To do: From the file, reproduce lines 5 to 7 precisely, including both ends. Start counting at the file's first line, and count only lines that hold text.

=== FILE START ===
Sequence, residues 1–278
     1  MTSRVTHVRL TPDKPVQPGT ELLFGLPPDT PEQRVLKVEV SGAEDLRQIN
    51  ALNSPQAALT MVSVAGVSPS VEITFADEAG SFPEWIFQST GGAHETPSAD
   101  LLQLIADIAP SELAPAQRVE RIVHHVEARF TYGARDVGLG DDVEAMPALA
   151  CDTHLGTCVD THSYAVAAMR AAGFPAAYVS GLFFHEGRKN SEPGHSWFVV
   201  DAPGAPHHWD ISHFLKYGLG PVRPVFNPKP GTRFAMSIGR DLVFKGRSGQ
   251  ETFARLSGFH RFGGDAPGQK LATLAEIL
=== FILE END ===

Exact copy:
   151  CDTHLGTCVD THSYAVAAMR AAGFPAAYVS GLFFHEGRKN SEPGHSWFVV
   201  DAPGAPHHWD ISHFLKYGLG PVRPVFNPKP GTRFAMSIGR DLVFKGRSGQ
   251  ETFARLSGFH RFGGDAPGQK LATLAEIL